The cheers that echoed through Warner Middle School in Westminster, Calif. could likely be heard from down the street as on Wednesday, the Los Angeles Chargers and Orange County United Way celebrated the one-year anniversary launch of Character Playbook.
Powered by EVERFI, Character Playbook is an in-school digital program that teaches students the importance of having good character. The NFL, Chargers and Orange County United Way teamed up to bring Character Playbook to 13 schools throughout Orange County for the first time during the 2017-2018 school year, reaching nearly 4,500 students.
"It was incredible, and it couldn't have gone any better," Tiffany Harville, Principal of Warner Middle School said. "Our kids have been working on Character Playbook all year, so to see it all come together and see the players being so supportive (made) our kids super excited."
"I think this opportunity to partner with the Los Angeles Chargers is amazing because we are able to partner and help schools and students get engaged," added Sue Parks, CEO Orange County United Way. "You see their excitement when the players were out there, and the players were amazing! I loved it; the answers they gave and their interactions with the students. It was so meaningful and it's going to have a lasting impact in their lives."
Chargers players Rayshawn Jenkins, Justin Jackson and Anthony Lanier joined Parks in a very special "character chat," where students broke off into small groups to analyze various scenarios on understanding and managing emotions. Later on, they had a full school assembly where each player spoke on how having good character has impacted their own lives.
"I feel like it was something we didn't talk about when I was that age," Jenkins said. "Especially, with having someone with our kind of platform come talk to the kids. I felt like that was big to them. I feel like if we could have changed one or two people, that's cool to me. Character takes you a long way. People, generally, just like to be around good people. People who don't have good character, they don't really get too far because we don't want to be around those people."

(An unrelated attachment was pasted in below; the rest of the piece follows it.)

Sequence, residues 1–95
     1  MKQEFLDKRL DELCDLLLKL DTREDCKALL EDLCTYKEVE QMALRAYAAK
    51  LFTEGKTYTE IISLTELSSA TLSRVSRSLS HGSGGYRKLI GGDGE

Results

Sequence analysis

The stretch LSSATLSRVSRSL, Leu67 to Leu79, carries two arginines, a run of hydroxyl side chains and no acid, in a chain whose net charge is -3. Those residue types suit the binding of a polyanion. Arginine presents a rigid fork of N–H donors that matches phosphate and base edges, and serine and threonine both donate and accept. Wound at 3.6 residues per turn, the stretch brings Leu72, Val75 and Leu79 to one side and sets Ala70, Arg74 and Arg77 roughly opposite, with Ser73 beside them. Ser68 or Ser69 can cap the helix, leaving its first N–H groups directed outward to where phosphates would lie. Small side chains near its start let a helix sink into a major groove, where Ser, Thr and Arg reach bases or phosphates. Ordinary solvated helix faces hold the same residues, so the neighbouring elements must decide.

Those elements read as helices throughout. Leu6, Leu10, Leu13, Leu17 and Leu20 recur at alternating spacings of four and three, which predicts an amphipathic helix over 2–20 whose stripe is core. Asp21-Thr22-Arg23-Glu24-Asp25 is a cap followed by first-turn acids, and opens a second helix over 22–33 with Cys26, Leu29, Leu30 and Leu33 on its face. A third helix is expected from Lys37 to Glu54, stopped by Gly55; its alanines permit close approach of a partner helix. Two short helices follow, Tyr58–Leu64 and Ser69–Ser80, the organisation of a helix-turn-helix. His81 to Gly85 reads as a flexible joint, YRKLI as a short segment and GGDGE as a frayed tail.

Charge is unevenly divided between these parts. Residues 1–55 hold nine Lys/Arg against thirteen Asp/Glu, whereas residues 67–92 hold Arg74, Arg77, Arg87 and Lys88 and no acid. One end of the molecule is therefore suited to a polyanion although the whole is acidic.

"I think for my kids, it's really just that they are looking at (the players) like they were just them," Harville reflected. "They were once middle schoolers. It made it more real, that they have the ability to be successful just like them. The players were honest about their struggles, and how they had to work on their character growing up and I think our kids really needed to hear that."
As Harville attested, having the players there really resonated with the students. Jackson agreed, as he had a former NFL player visit him when he was these kids' age. It left a lasting impression, and one he was fortunate enough to replicate on Wednesday.
"It's something I love to do, just to be able to talk to kids and influence them in any way we can," he said. "We all remember when we were that young. I remember when I was in middle school, Roberto Garza, who played for the (Chicago) Bears at the time, came to our middle school and everyone freaked out and went crazy. I remember being in that mindset and now I am that person. I know I'm just a person, but for them, we're larger than life. So just to be able to influence them, in any singular way, if there's one thing they took away then I think our job was (done well)."
Chargers players were on hand at Warner Middle School to participate in a live Character Playbook exercise, celebrating the one-year anniversary launch of the program powered by EVERFI.